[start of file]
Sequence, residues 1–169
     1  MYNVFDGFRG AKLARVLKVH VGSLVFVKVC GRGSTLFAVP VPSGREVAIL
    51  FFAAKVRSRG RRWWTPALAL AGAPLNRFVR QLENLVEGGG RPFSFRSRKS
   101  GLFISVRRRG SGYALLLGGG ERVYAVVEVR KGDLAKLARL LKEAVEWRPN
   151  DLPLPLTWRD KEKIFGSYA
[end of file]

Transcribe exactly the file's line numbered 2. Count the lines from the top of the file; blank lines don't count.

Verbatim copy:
     1  MYNVFDGFRG AKLARVLKVH VGSLVFVKVC GRGSTLFAVP VPSGREVAIL